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One Fine Morning

With a father suffering from neurodegenerative disease, a young woman lives with her eight-year-old daughter. While struggling to secure a decent nursing home, she runs into an unavailable friend with whom she embarks on an affair. (R, 112 min.)


Saturday, April 1, 2023

8:30 PM

Sunday, April 2, 2023

4:00 PM

Tuesday, April 4, 2023

7:00 PM

Sandra (Lea Seydoux) is a widowed young mother raising her daughter on her own, while also caring for her sick father (Pascal Greggory). She’s dealing with the loss of the relationship she once had with her father, while she and her mother and sister fight to get him the care he requires. At the same time, Sandra reconnects with Clément (Melvil Poupaud), a friend she hasn’t seen in a while and, although he’s married, their friendship soon blossoms into a passionate affair. [SPC]

Starring: Léa Seydoux, Pascal Greggory, Melvil Poupaud
Director: Mia Hansen-Løve
Languages: French
Genre(s): Drama, Romance

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"[A] beautifully bittersweet and generous movie."

— Justin Chang, Los Angeles Times

"Léa Seydoux is quietly radiant in a bittersweet character study."

— Tim Cogshell, AV Club

"One Fine Morning is beautifully balanced, persuasive and moving."

— Manohla Dargis, New York Times

"This is a big movie served up in a surprisingly small, intimate package."

— Stephanie Zacharek, TIME Magazine

"A profound and captivating portrait of love, lost, found, and ever-remaining."

— Katie Walsh, TheWrap

"Léa Seydoux shines...The French actress is superb in this tender portrait of a woman trying to balance her needs with those of others."

— Thomas Floyd, Washington Post

"In the quietly miraculous One Fine Morning (Un beau matin), writer-director Mia Hansen-Løve and her leading lady Léa Seydoux make the old feel new again."

— Jon Frosch, The Hollywood Reporter

"There’s a wistful, warm feeling when wandering into a Hansen-Løve film. Hers are delicate dramas keenly tuned to the rhythm of daily life, and “One Fine Morning” is her most radiant film yet."

— Jake Coyle, The Associated Press

"Like in her previous works, director Hansen-Løve has a gentleness when painting the portrait of women living and enduring in transitions, often exiting the bubble of a relationship or (re)entering."

— Caroline Cao, Slashfilm

"Hansen-Love finds moments of truth in the melange, and Seydoux is transcendent, carrying a sadness inside which proves incredibly moving when the opportunity for love presents itself and she melts into it."

— Fionnuala Halligan, Screen Daily

"This could have easily become a torrid, tear-jerking melodrama, but Hansen-Løve’s matter-of-fact approach to performance and incident allow the emotions to emerge organically from the unfussy drama onscreen."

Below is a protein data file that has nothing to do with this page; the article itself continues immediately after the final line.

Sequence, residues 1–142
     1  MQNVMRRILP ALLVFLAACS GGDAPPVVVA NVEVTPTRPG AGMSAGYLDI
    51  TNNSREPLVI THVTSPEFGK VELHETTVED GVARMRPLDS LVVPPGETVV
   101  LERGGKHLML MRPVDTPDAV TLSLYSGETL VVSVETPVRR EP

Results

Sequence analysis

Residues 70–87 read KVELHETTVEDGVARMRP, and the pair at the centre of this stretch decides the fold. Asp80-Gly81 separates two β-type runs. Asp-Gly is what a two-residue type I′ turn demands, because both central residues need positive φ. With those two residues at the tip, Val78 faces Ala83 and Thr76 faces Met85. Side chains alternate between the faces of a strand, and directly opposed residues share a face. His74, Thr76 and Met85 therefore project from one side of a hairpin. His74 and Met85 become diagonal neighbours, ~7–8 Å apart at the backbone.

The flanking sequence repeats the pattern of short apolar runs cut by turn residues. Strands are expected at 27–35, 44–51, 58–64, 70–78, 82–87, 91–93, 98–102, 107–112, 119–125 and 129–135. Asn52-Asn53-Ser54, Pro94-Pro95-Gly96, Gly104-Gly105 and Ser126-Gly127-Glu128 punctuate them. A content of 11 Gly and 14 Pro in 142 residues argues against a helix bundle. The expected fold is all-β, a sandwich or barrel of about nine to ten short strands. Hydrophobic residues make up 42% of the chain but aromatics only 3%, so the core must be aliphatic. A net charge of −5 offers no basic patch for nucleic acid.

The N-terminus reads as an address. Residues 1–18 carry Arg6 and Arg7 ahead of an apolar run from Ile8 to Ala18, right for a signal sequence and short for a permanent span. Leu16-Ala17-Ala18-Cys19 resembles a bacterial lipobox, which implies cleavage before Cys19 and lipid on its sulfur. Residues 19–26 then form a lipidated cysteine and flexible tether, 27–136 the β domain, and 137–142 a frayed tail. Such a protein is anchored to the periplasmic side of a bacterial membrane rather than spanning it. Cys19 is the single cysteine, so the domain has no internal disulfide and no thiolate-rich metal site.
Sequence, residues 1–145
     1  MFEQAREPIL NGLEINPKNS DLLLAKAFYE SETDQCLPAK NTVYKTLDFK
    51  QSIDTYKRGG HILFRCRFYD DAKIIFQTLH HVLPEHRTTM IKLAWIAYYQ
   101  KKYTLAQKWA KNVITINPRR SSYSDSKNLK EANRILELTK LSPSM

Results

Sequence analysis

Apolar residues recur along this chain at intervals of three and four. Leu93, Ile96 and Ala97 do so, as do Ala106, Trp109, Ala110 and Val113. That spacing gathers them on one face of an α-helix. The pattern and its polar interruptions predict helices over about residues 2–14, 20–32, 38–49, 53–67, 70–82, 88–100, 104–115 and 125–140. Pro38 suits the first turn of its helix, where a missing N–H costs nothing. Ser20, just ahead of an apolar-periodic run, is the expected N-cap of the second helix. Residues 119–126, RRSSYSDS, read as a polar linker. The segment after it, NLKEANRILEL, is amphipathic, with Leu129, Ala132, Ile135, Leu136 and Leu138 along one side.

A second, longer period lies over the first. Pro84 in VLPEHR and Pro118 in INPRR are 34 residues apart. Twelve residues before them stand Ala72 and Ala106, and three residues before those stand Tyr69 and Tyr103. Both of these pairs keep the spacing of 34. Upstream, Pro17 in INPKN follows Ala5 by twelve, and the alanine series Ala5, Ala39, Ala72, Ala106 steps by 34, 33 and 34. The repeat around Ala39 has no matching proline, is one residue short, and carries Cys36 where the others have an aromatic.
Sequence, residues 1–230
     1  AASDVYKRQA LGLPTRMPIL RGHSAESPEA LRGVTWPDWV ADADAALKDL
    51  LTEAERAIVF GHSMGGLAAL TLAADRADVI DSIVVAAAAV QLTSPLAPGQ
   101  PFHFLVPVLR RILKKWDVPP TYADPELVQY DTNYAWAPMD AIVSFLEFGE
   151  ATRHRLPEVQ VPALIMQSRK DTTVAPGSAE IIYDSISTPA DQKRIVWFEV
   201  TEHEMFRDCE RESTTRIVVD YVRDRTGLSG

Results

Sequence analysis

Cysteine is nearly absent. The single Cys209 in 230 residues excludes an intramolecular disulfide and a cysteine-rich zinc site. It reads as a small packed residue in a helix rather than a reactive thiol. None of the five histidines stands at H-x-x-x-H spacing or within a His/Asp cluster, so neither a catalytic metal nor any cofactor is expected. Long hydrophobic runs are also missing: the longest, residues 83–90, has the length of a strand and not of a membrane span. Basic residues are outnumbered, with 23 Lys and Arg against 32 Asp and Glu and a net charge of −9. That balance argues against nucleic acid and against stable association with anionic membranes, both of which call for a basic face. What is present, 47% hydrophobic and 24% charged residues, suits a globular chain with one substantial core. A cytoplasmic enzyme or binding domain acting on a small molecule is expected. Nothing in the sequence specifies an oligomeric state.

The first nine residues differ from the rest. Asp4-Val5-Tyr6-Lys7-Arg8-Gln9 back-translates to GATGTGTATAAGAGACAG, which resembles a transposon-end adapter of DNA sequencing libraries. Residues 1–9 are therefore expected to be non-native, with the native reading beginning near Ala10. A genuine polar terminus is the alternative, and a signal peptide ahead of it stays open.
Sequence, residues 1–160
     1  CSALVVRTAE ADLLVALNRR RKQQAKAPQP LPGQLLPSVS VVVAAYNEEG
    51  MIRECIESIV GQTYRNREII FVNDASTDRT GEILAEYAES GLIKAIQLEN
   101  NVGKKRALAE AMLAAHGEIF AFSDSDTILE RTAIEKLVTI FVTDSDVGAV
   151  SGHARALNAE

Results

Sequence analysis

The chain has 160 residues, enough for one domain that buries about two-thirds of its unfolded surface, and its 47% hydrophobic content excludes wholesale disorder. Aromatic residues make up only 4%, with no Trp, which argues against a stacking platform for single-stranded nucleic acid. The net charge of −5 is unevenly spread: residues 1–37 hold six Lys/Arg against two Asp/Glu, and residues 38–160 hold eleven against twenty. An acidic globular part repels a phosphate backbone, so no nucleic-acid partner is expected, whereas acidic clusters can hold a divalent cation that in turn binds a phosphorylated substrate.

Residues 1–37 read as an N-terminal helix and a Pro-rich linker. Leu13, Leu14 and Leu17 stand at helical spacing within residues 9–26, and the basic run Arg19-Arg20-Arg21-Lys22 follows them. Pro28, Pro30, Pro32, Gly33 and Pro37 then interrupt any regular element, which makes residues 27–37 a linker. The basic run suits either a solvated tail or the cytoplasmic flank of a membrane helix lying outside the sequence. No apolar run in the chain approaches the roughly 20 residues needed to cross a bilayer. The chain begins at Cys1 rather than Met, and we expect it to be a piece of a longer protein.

— Bilge Ebiri, New York Magazine/Vulture

"In small ways, Hansen-Løve allows One Fine Morning to break the viewer’s heart, but overall the film is unexpectedly hopeful. One Fine Morning is also about starting again and finding joy in the midst of sadness."

— Emily Zemler, Observer

"It explores love, both romantic and familial, with no trace of drama or sappiness, and without ever feeling slight. It’s a balm of a film and another glorious showcase for the director’s light touch when dealing with complicated emotions."

— Anna Bogutskaya, Time Out

"Shot in gorgeous natural light by Denis Lenoir (the cinematographer on all but one of her films since Eden), and backed by a soundtrack of typically esoteric needle-drops, the director delivers her finest in years by doing what she’s always done best: a humanistic story of when to love and when to let go."

— Rory O'Connor, The Film Stage

"Seydoux brings both parts of this story together with grace and charm, and an honesty that makes this one of her best performances so far. Hansen-Løve’s story is deceptively light, yet packs an emotional wallop as it explores the impact that love—and our separation from such love—can have on a person."

— Ross Bonaime, Collider

"The story’s ellipses and graceful structure are certainly admirable, but what elevates One Fine Morning is the texture of Sandra’s emotions, the revelation of her character, the hunger of her embrace, the wildness of her mouth, the stillness of her sated body, and the love that she gives and will movingly embrace once more."

— Manohla Dargis, The New York Times

"The scenarios of Hansen-Løve’s films can feel rarified and unique at first glance, yet they are painfully relatable on some level. They may be devoid of melodramatic showdowns, but there’s a quiet ferocity to them in the way they so deftly address our daily pain, insecurity, and loneliness, still resonating with us long after the movie’s over."

— Monica Castillo,